ASH AMBIRGE

Author, CEO & Founder

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The 67 Emotions of Unconventional Success: My Story

In: Finding Your Voice

OBLIVIOUS

When tears silently fell from Elizabeth's cheek upon finding the note from her lover, 3 days before their daughter was born that read:  “I'm sorry. I can't do this.”

ASHAMED

When classmates asked where my daddy was. I lied & told them he was Crocodile Dundee, and had to be in Australia to tame the outback.

CONFUSED

When we used different money than everyone else to buy bread & milk.

BITTER

When I was 14 and sat in the hospital waiting room on a sunny June day. When my Uncle Jimmy finally emerged, after what seemed like hours, he handed me a pamphlet. It read, “Helping Your Family Cope with Terminal Cancer.”

NOSTALGIC

When I would hear Puff Daddy's “I'll Be Missing You” come on the radio after he died, just a few short months later, after tearfully asking me to call him “dad” instead of “Jimmy,” like I always had. I got to call him it twice.

MORTIFIED

When it was just me & my mother after that, and all of the other 15 year olds had basements underneath their houses. We had wheels.

FRUSTRATED

When my mother's debilitating anxiety & social disorder prevented her from ever coming to watch me play volleyball more than once in 4 years. We were nearly state champions.

RELIEVED

When the founder of Monster.com thought I was worthy enough to be awarded a 4-year, all-expense paid scholarship to a private, liberal arts school—room & board included. The scholarship was based on financial need & demonstrated entrepreneurial spirit. My mother cried.

GUILTY

When I took the scholarship and left her all alone.

SADDENED

When an unexpected card would arrive with $50 that she didn't have inside, telling me to go buy myself something pretty.

ANNOYED

When, a few years later, I found myself back in that same hospital waiting room. But this time, it was my mother I was waiting for to come out of the doctor's office.

SCARED

When I realized the seriousness of the matter.

PATIENT

When she taught me how to pay all of the bills, as I wrote out check after check from her hospital bedside, as nurses came in and out to take her blood.

LIVID

When the doctor's arrogant insensitivity to her pain one day made her weep.

VENGEFUL

When I let him have a piece of my 20-year-old mind.

FRUSTRATED

When college friends ragged on me for not going out that weekend to party.

RESENTFUL

When I couldn't.

SHOCKED

When I got the phone call while driving to my first day at my internship at a local TV station.

DEVASTATED

When, by the time I got to our trailer in Northeastern Pennsylvania, the coroner had taken my mother's body & simply left a note on the door.

BITTERSWEET

When, 4 months later, I walked across the graduation stage & got my college degree, not even bothering to look out into the crowd for a familiar face.

INDIFFERENT

When I hastily auctioned off all of our things.

LOST

When I sold our trailer for $13,000 at market price.

DISTRAUGHT

When I moved to Philadelphia and knew no one.

HOPEFUL

When I landed my first job in marketing.

WORRIED

When I didn't have anywhere to go that Christmas.

GRATEFUL

When I was so good at my job, I received a promotion to head up regional marketing efforts. And then another promotion. And then another.

DISHEARTENED

When I'd see planes pass by my office window, and longed to be the kind of person who did things—who went places.

DISAPPOINTED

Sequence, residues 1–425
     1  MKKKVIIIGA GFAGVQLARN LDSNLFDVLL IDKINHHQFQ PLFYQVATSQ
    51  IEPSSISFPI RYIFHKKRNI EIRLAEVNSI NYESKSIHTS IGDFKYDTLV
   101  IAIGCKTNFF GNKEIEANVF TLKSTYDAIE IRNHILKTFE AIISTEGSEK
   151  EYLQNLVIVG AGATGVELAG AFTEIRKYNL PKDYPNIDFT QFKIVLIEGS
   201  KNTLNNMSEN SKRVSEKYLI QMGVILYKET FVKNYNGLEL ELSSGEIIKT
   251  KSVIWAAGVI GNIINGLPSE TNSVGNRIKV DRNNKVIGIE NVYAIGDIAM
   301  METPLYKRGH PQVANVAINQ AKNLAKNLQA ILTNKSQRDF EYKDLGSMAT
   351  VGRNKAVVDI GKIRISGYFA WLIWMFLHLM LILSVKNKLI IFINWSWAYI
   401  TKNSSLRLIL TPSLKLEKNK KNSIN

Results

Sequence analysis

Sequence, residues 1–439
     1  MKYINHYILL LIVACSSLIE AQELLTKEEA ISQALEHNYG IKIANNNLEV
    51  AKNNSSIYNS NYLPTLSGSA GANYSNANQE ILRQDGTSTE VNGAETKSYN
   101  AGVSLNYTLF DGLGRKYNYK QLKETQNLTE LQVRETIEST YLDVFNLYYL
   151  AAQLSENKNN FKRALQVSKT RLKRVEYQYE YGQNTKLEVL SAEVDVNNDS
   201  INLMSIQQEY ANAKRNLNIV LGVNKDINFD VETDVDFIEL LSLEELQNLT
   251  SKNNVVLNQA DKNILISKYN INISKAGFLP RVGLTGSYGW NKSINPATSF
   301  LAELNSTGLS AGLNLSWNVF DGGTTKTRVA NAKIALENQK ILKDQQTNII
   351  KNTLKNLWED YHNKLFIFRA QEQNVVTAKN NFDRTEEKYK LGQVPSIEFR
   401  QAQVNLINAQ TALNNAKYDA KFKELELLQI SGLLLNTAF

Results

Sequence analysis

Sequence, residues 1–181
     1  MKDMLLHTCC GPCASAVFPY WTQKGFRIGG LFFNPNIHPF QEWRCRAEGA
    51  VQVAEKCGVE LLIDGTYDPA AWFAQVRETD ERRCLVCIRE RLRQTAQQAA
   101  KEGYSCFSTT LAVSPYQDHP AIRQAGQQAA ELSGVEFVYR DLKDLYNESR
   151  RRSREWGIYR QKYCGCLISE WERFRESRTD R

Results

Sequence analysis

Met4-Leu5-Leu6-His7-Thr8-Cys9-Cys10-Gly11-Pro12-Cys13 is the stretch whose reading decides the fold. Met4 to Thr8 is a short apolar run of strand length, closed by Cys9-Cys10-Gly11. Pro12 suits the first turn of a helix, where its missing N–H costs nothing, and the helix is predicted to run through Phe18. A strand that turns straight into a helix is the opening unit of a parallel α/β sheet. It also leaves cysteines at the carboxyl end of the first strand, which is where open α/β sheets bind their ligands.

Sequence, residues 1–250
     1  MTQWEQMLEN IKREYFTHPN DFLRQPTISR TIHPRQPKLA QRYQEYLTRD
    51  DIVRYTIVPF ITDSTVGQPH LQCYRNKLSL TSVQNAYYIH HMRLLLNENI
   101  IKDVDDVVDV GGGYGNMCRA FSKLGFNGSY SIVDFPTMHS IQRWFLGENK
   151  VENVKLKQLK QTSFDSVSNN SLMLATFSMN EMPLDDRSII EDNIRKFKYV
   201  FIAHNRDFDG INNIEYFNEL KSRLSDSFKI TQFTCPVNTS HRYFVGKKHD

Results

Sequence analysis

When I realized that sitting at this desk, serving to make big companies even more money, was my entire purpose in life. I didn't want to waste my life like my parents did, always waiting until tomorrow to be happy—because tomorrow, you're dead.

DISILLUSIONED

When I discovered that my dreams of becoming a corporate CEO weren't my dreams anymore.

DESPAIRED

When friends told me to suck it up, and that work was simply that: Work.

LONELY

When I felt like no one understood me.

ARROGANT

When I quit my job & decided to start my first business, instead. I was going to do what I had been putting off for years: I was going to write.

FOOLISH

When I made some hasty financial decisions.

EXCITED

When that same year, I got a contract to write my first eBook.

SMART

When I developed my own site to sell the book there, too.

DETERMINED

When I laboriously tried to learn HTML.

ELATED

When I saw my very first sale come through Clickbank.

INTRIGUED

When I discovered the world of Google Adwords.

ADDICTED

When I took my love of marketing and applied it in new ways.

CONFIDENT

When I painstakingly slaved over a book proposal to write a non-fiction narrative titled, “The Truth About Mangoes.” (Let's not talk about what a horrible title that was.)

TORN

When I repeatedly received the infamous rejection letter (after rejection letter after rejection letter after rejection letter).

DESPERATE

When the waterfall of poor and hasty financial decisions finally caught up to me.

HOPELESS

When I caved & took a job in advertising in order to pay the bills.

ENCOURAGED

When I got contract after contract signed on the spot.

UNCERTAIN

When, in my heart, I knew I needed more than signatures & commissions.

PETRIFIED

When, despite that knowledge, I was too scared to make any bold moves, knowing that I had no one in the world to back me up if I failed.

INCENSED

When I stood by and watched that fear get the best of me…for years.

OPTIMISTIC

When I enrolled in graduate school for my master's degree in Linguistics.

ANXIOUS

When I imagined that my degree would be The Answer™.

IRRITATED

When loan applications were denied without a co-signer.

STUBBORN

When I decided that I would tutor writing to make up for it.

HEARTBROKEN

When my best friend told me I needed to find a new place to live so her boyfriend could move in.

DEFEATED

When I had no choice but to go stay with a mysterious new guy I had been seeing.

DESTROYED

When, a few weeks later, I ended up sobbing in the middle of the night in a Kmart parking lot.

HOPELESS

When I had nowhere to go.

ANGUISHED

When I looked in the mirror and saw the cranberry-colored fingerprints around my neck.

OBSTINATE

When I sat there in the middle of the night, determined not to be a victim.

DILIGENT

When I realized that I might not have had anything left, but the one thing I did have? Were my ideas.

COURAGEOUS

When I published an announcement on the Internet to write a book I had not yet written.

VALIDATED

When I heard the first sale.

AMAZED

When reader after reader voted with their wallets.

EXHILARATED

When I realized that my writing could save my life—literally.

DEDICATED

When I continued to publish.

INSPIRED

When more and more readers came to say hello.

PEACEFUL

When my influence online grew.

INVIGORATED

When I discovered that you can make red, hot money from your art, using this thing called the Internet.

HAPPY